Friday, 24 July 2015


d. John Brahm (1954)

It's the late 19th century, and curly haired Don Gallico (Vincent Price, one of the patron saints of this blog) wants to be a stage magician but, because he is a humble and rather nervous sort of person, he is stuck making tricks for other less talented and far less pleasant performers. When Don's big chance is ruined by his horrible. grasping employer (a man who also stole Gallico's wife and keeps bragging about it), something pings under the pressure (it might located be in his eye, which keeps twitching) and he becomes a committed maniac, wearing homemade masks and murdering people all over the place: by buzz saw, by strangulation, by cremation. 

Like a lot of murderers, once he solves his first problem by killing someone he soon finds that he becomes extremely busy. As the film progresses he becomes less sympathetic, more ruthless, increasingly unhinged and, because this film was originally made in 3D, he also has to keep throwing stuff at the audience, too - playing cards, water, flames, sawdust - it's just a relief that there are no sex scenes.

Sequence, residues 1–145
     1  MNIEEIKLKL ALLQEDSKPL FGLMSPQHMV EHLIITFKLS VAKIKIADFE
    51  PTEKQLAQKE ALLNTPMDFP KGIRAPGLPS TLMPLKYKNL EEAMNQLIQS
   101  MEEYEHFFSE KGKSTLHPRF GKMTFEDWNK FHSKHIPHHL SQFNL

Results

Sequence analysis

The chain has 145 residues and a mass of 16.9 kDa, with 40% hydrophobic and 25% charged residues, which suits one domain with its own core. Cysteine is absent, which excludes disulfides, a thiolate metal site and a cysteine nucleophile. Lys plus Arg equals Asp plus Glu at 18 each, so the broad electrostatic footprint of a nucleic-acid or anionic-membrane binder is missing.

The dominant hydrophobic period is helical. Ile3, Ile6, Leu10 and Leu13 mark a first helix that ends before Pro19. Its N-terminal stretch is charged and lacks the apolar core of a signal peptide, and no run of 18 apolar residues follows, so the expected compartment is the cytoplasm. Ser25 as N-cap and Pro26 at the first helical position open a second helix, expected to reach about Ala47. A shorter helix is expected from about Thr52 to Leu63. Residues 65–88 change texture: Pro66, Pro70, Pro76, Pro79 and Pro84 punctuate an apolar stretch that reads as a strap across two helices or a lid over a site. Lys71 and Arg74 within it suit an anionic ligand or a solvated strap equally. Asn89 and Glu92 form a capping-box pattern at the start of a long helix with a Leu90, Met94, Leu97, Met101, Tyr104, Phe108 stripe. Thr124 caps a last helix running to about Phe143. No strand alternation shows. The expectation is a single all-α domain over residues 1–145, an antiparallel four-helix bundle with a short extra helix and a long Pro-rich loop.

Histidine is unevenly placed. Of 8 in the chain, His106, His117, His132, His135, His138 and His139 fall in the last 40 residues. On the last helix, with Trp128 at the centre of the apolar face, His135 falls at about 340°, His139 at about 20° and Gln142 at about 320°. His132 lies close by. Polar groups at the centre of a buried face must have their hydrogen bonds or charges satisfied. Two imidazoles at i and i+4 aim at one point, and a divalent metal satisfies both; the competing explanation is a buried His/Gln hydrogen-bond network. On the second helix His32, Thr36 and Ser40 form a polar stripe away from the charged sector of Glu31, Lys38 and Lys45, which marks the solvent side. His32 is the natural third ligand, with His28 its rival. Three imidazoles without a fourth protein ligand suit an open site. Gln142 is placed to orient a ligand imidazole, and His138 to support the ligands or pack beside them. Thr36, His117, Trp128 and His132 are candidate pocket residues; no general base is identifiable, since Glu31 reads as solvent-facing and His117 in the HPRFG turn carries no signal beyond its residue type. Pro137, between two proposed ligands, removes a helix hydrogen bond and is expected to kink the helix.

The Mad Magician is reminiscent of director John Brahm's earlier film Hangover Square (1939), even down to the scene where Gallico disposes of a corpse using a handily placed bonfire. The great Mr. Price gets to play several roles under a variety of latex disguises but reserves his best characterisation for 'The Great Gallico', a shy guy who is simply too nice for show business, and too crazy to live. 

The film is also worth watching if you have ever wondered what Zsa Zsa Gabor did before she became Zsa Zsa Gabor: she was an actress, apparently, though not so you'd notice. 

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